Once downloaded and executed, the ransomware performs a check of the name of the logged in user against a list of encrypted names and will exit if there is a match. Names that prompt an exit include tester, lab, malware, and analyst. These names are commonly used on virtual machines and sandboxes. A check will also be performed to determine the country in which the device is located. The ransomware will exit if the device is in any CIS country, Egypt, Syria, Morocco, Iraq, or India.
Anatova ransomware scans for files smaller than 1MB and checks for network shares, although care is taken not to disrupt the operating system during this process and raise a flag before files are encrypted. Once files have been identified, the encryption routine starts. The ransomware uses its own key, so each victim requires a separate key to unlock the encryption.
Once the encryption process has run, the ransom note is dropped on the desktop, the memory is cleaned, and volume shadow copies are overwritten 10 times to ensure files cannot be recovered from local backup files.
The ransom demand is relatively high – Around $700 (10 DASH) per infected machine. Since multiple devices can be infected with a single installation, the total ransom demand could well be considerable.
What is not 100% certain is how the ransomware is being distributed. McAfee detected one sample on a P2P file sharing network which masquerades as a free software program complete with game/application icon to encourage users to download and run the installer. Other attack vectors may also be used. Based on the current distribution vector, a web filter will offer protection against attacks if P2P file sharing/torrents sites are blocked.
The researchers believe Anatova ransomware has been created by highly skilled malware authors who are currently distributing a prototype of the ransomware. More widespread attacks are to be expected once this testing phase has been completed.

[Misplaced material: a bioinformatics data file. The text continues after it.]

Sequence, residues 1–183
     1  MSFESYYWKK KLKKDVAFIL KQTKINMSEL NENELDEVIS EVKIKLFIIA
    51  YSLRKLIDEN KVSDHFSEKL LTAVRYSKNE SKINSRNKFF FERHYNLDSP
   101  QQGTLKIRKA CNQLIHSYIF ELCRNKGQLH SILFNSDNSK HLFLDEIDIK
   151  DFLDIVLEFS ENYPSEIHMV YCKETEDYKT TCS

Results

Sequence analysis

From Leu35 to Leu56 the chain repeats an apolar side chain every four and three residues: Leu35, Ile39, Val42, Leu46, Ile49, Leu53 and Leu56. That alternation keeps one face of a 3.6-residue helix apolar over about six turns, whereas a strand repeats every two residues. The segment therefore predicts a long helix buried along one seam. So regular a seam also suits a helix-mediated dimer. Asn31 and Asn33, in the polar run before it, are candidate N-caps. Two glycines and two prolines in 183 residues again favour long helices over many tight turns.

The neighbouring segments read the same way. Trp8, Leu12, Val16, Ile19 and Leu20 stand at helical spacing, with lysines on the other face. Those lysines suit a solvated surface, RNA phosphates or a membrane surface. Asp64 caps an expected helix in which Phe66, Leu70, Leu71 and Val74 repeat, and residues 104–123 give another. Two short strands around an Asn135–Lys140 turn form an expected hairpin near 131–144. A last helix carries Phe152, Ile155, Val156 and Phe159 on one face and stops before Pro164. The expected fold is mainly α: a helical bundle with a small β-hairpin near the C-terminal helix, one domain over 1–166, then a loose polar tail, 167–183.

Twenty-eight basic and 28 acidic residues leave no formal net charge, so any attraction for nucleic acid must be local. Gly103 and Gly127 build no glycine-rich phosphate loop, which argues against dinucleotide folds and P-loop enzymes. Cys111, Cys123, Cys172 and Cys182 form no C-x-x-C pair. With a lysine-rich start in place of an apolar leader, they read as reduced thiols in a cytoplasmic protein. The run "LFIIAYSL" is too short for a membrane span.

Hackers are taking advantage of poor Wi-Fi security to attack small businesses. This post covers simple steps to take to improve Wi-Fi security to block cyberattacks.
Small businesses can implement a robust firewall to protect against cyberattacks, but the Wi-Fi router is often a weak point. A Wi-Fi router providers wireless coverage for your business and it is a likely attack vector if security is lax. By attacking wireless routers, hackers can bypass your firewall.
Fortunately, there are simple steps you can take to improve Wi-Fi security and block attacks. Seven simple steps to take to improve Wi-Fi security have been listed below.
Simple Steps for Small Businesses to Take to Improve Wi-Fi Security
Some of the steps below are obvious security measures, but there have been many instances when small businesses have overlooked these simple protections, only for them to be exploited by hackers.
Change Router Admin Credentials
Changing default credentials is one of the easiest but most important steps to take to improve Wi-Fi security. Because it is so simple, no business should be guilty of this security faux pas, but many are, even large businesses. In November, a school system discovered that its WAN provider had not changed the passwords on routers that had been in use for years. This is not the login for Wi-Fi, but the password for the router itself. These default administrator passwords can be found with a simple Internet search.